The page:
Bioneers 2009: Michael Pollan Drinks Oil
Photo by Jaymi Heimbuch
Bioneers 2009 - a weekend-long gathering in San Rafael, California of social and scientific innovators focused on environmental issues - kicked off on Friday with Michael Pollan as a headlining speaker. His talk came in the early afternoon, just before lunch, so to make everyone excited about the prospect of eating soon, he did something quite appetizing - he consumed a little oil. A key element of Pollan's work is pointing out how much fossil fuel we consume for every calorie of edible food we consume. If you haven't heard the figure before, it's eye-opening.
We have shifted from a food economy that yielded two calories of food for every one calorie of fossil fuel we burned to grow, harvest, process and distribute the food, to a food economy that yields one calorie of food for every ten calories of fossil fuel we put into obtaining it.
Pollan highlighted this fact by showing just what that looked like. He pulled out a quarter pounder with cheese from McDonalds. Then, he poured out the equivalent amount of oil it took to create that burger - all 26 ounces of it.
"Nobody should eat like this. It's just disgusting," he said....as he hammered home his point by taking a taste of the oil. Then, "It's just chocolate syrup," he said to a relieved audience.
That quarter pounder with cheese is equal to 26 ounces of oil, or seven pounds of coal being burned, or driving a car 13 miles. That's a lot of fossil fuel for one small meal that has zero positive health effects other than keeping our stomachs full for a few hours.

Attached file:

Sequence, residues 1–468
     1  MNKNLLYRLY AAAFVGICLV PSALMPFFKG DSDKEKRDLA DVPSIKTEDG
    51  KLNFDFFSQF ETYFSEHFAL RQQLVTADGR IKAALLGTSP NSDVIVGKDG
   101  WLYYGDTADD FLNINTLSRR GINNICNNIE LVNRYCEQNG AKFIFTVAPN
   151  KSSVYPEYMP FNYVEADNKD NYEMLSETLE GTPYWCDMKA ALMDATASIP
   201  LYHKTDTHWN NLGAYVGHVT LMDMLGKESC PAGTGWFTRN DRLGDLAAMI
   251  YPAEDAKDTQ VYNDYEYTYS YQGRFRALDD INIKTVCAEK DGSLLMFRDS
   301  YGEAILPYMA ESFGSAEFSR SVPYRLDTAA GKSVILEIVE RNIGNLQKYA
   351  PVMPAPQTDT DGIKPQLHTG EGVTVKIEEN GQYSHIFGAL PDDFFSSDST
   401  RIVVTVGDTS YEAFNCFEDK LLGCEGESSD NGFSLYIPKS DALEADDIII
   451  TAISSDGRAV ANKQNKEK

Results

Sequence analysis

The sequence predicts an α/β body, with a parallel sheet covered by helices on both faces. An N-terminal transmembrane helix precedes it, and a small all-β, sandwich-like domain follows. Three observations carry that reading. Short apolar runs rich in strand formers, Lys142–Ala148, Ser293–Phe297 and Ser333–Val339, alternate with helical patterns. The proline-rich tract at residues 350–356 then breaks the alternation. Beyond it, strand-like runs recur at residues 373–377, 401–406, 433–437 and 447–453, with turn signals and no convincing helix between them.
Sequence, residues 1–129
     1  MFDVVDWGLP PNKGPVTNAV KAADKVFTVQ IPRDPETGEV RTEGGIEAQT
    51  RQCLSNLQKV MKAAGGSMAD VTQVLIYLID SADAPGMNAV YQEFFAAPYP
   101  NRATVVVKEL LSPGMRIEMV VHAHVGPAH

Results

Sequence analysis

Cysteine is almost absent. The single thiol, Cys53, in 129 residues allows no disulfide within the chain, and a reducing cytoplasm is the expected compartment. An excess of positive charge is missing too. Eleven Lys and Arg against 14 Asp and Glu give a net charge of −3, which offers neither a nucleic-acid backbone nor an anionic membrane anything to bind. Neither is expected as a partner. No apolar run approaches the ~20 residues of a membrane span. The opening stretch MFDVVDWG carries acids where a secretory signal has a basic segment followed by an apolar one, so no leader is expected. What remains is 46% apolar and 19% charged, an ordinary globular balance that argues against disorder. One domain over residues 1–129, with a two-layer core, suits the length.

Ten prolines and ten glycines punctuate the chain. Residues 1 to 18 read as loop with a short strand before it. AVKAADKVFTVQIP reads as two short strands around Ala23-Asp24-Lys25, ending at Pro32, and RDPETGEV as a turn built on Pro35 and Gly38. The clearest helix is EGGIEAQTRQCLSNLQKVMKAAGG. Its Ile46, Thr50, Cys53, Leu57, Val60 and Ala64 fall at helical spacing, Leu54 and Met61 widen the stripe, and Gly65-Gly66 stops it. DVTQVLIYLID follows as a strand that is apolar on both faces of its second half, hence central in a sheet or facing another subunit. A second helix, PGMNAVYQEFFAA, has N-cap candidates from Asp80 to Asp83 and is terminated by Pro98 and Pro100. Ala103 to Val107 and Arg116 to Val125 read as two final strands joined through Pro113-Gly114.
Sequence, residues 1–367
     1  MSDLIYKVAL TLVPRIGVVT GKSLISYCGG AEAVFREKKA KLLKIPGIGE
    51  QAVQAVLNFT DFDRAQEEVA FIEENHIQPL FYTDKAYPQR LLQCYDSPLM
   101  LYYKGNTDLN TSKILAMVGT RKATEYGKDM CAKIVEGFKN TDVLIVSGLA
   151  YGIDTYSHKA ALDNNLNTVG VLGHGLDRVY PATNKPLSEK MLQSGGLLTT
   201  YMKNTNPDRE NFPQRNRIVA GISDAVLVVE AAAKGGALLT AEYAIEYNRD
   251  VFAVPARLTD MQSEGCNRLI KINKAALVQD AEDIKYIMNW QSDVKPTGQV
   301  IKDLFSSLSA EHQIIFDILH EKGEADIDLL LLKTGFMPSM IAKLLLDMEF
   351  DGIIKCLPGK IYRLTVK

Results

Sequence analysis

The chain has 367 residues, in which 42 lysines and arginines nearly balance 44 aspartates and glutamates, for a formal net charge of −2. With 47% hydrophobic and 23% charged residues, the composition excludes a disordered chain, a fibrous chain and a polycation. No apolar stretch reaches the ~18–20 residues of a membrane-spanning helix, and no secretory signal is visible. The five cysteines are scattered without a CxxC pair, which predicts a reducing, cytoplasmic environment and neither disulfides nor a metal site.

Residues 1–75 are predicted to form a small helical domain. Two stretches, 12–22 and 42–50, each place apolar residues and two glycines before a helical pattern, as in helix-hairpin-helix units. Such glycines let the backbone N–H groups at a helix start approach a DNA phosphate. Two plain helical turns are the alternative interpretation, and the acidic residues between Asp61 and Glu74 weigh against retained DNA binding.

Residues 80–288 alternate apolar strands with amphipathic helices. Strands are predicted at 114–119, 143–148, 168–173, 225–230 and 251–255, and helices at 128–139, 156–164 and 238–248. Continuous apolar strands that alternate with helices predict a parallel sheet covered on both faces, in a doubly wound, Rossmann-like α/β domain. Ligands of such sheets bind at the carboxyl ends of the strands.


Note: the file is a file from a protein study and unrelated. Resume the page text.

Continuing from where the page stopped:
As Pollan stated, our agricultural policies are largely responsible for the broken food system, which is at the heart of the public health care crisis. Pollan highlighted several things he thinks are solutions that get to the heart of the problem.
First, we need to wean the American food system off a diet of fossil fuels and onto a diet of contemporary sunshine.
Next, we reward farmers for crop diversity - the more diversity they can contain on their land, the higher their rewards.
We eliminate food stamps and promote farmers' market stamps, allowing access to fresh, healthy foods to those who need it most, and pushing more customers towards local farmers.
Also, we must get 20 to 30 million more people onto farms, and radically increase the number of farms in the US. Massive monoculture crops are easy to plant, raise and harvest, but they aren't sustainable. Bringing more people back to the land to care for more crops on more farms is much healthier for people and the land.
And finally, we need to create a real marketplace for farmers, where local farmers are providing food for community members, restaurants, schools and so on, rather than the factories that currently spit out what too many people identify as food.
Pollan pointed out, though, that while we have an administration in Washington that is willing to listen, it is willing to listen only if there is proof that a movement towards these goals is actually happening. So, it's up to those of us who want the change to get shaking, and make agricultural policy shifts happen.
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